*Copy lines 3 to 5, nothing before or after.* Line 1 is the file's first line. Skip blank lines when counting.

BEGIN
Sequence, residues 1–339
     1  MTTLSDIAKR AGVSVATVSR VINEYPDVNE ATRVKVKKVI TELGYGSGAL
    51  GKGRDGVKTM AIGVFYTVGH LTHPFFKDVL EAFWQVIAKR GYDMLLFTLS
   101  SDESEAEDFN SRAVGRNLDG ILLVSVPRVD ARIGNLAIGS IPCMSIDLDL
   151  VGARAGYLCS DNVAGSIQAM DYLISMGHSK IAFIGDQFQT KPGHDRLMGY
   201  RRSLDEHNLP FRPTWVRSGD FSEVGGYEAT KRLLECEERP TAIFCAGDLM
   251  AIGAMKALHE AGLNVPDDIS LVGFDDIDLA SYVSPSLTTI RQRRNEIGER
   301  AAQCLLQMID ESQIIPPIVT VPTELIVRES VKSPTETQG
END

    51  GKGRDGVKTM AIGVFYTVGH LTHPFFKDVL EAFWQVIAKR GYDMLLFTLS
   101  SDESEAEDFN SRAVGRNLDG ILLVSVPRVD ARIGNLAIGS IPCMSIDLDL
   151  VGARAGYLCS DNVAGSIQAM DYLISMGHSK IAFIGDQFQT KPGHDRLMGY